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ARS Home » Midwest Area » Columbia, Missouri » Biological Control of Insects Research » Research » Publications at this Location » Publication #375522

Research Project: Insect Biotechnology Products for Pest Control and Emerging Needs in Agriculture

Location: Biological Control of Insects Research

Title: Deletion mutant of PGE2 receptor using CRISPR-Cas9 exhibits larval imunosuppression and adult infertility in a lepidopteran insect, Spodoptera exigua

Author
item KIM, YONGGYUN - Andong National University
item AHMEN, SHABBIR - Andong National University
item AL BAKI, MD ABDULLAH - Andong National University
item KUMAR, SUNIL - Andong National University
item KIM, KUNWOO - Andong National University
item PARK, YONGJIN - Andong National University
item Stanley, David

Submitted to: Developmental and Comparative Immunology
Publication Type: Peer Reviewed Journal
Publication Acceptance Date: 5/8/2020
Publication Date: 5/25/2020
Citation: Kim, Y., Ahmen, S., Al Baki, M., Kumar, S., Kim, K., Park, Y., Stanley, D.W. 2020. Deletion mutant of PGE2 receptor using CRISPR-Cas9 exhibits larval imunosuppression and adult infertility in a lepidopteran insect, Spodoptera exigua. Developmental and Comparative Immunology. 111:103743. https://doi.org/10.1016/j.dci.2020.103743.
DOI: https://doi.org/10.1016/j.dci.2020.103743

Interpretive Summary: Application of classical insecticides has introduced severe problems in agricultural sustainability. The concept of biological control of insects is a potentially powerful alternative to classical insecticides. Biological control is based on the idea that direct application of insect-specific pathogens and parasites can reduce pest insect populations and the economic damage due to pest insects. The problem, however, is the efficiency of these organisms in biological control programs is limited by insect immune defense reactions to challenge. One approach to improving the efficiency of biocontrol agents would be to somehow disable insect immune reactions to viral, bacterial, fungal and parasitic infections. With this goal, we are investigating how insect immune reactions to infection are signaled. In this paper we report on identification of biological signals that are responsible for stimulating insect defenses to infection. This new research will be directly useful to scientists who are working to improve the efficacy of biological control methods. The ensuing improved biological control methods will benefit a wide range of agricultural producers by supporting the long-term sustainability of agriculture.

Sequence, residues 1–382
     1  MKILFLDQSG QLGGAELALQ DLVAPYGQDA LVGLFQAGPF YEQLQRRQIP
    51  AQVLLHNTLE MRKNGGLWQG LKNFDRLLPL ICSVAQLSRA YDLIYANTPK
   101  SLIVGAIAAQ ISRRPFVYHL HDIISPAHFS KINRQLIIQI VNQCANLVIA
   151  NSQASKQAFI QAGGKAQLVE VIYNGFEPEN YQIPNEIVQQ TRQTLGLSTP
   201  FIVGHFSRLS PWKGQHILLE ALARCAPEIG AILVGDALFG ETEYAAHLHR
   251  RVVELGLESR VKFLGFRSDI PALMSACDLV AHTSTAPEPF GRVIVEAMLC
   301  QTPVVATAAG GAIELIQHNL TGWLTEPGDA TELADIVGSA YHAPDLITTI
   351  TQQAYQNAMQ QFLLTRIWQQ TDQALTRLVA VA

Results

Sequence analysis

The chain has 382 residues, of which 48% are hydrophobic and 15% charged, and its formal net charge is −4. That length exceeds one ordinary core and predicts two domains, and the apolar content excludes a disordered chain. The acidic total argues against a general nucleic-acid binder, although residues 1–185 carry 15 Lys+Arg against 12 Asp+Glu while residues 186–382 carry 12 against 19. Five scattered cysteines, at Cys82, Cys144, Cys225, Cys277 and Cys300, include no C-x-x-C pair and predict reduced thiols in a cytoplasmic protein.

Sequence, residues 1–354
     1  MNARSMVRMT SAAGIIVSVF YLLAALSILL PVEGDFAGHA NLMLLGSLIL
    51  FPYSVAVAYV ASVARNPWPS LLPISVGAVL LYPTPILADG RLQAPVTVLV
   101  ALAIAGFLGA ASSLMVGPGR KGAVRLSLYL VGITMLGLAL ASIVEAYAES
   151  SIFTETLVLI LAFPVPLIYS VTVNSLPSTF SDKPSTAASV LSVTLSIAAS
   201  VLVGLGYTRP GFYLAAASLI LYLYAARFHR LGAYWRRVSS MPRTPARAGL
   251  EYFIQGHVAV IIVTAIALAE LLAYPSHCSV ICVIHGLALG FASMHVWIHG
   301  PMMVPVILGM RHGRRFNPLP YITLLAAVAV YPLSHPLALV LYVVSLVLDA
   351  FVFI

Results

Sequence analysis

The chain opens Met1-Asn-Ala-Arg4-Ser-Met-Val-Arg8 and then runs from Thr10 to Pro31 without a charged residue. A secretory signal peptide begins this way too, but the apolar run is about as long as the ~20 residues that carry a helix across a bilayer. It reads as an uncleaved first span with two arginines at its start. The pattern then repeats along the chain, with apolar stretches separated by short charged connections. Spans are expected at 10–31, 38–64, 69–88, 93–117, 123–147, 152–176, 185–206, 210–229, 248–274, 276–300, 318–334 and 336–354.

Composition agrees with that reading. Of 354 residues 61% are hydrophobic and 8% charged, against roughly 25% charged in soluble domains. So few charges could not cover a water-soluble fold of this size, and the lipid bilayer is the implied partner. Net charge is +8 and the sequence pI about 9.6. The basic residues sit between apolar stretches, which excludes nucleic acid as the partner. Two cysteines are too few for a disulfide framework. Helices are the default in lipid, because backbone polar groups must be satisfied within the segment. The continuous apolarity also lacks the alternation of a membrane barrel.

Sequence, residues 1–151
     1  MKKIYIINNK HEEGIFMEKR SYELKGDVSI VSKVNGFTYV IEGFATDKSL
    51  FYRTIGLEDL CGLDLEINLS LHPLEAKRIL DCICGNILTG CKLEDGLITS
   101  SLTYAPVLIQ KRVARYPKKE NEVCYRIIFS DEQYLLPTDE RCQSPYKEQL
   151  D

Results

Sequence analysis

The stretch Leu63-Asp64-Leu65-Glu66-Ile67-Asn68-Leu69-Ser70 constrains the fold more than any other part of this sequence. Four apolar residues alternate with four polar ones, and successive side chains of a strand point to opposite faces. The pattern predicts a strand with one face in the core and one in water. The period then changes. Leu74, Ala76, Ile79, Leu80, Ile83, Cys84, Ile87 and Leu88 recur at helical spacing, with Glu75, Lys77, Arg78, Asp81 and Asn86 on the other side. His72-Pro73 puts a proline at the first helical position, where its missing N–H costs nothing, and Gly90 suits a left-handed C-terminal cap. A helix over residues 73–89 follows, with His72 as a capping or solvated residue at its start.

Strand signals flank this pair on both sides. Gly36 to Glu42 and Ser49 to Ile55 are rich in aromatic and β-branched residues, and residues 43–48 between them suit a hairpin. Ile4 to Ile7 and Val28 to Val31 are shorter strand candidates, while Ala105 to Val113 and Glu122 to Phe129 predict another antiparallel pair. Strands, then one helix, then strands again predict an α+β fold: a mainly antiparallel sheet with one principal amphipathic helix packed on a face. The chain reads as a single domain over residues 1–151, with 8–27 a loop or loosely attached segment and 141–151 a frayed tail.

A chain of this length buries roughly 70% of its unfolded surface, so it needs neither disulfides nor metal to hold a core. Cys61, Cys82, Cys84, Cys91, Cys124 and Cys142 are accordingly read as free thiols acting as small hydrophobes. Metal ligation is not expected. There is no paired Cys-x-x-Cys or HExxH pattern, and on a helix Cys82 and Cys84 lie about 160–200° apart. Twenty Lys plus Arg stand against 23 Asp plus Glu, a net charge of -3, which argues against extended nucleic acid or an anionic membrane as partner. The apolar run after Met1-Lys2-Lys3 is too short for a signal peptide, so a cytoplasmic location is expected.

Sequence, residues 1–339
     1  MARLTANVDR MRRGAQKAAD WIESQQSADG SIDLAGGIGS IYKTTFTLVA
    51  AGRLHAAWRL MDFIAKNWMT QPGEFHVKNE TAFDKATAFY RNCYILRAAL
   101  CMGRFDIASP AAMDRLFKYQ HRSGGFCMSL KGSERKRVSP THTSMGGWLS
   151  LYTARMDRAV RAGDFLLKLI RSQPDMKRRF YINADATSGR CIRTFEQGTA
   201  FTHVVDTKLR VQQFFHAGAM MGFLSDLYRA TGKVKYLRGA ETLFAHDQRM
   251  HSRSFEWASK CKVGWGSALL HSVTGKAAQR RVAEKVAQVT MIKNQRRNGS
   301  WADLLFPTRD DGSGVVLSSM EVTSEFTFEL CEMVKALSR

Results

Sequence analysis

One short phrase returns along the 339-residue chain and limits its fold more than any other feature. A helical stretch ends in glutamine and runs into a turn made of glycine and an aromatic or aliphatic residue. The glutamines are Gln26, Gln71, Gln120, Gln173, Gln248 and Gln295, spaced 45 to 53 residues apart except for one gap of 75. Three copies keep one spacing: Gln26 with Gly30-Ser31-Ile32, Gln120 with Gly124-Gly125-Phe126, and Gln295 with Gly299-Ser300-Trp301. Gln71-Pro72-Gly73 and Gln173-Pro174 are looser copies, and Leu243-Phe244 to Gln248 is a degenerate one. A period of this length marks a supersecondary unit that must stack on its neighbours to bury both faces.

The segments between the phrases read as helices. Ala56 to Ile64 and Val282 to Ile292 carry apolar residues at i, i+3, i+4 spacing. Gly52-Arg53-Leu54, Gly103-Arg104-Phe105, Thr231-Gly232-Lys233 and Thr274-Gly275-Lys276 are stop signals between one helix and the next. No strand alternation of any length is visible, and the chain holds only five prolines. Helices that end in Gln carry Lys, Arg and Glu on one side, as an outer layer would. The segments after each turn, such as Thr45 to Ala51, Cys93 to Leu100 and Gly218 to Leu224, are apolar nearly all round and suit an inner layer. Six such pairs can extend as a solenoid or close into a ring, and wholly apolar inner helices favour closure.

Technical Abstract: Application of classical insecticides has introduced severe problems in agricultural sustainability. The concept of biological control of insects is a potentially powerful alternative to classical insecticides. Biological control is based on the idea that direct application of insect-specific pathogens and parasites can reduce pest insect populations and their associated economic damage. The problem, however, is the efficiency of these organisms in biological control programs is limited by insect immune defense reactions to infections. One approach to improving the efficiency of biocontrol agents would be to somehow disable insect immune reactions to viral, bacterial, fungal and parasitic infections. With this goal, we are investigating how insect immune reactions to infection are signaled. In this paper we report on identification of biological signals that are responsible for stimulating insect defenses to infection. This new research will be directly useful to scientists who are working to improve the efficacy of biological control methods. The ensuing improved biological control methods will benefit environmental management and a wide range of agricultural producers by supporting the long-term sustainability of agriculture.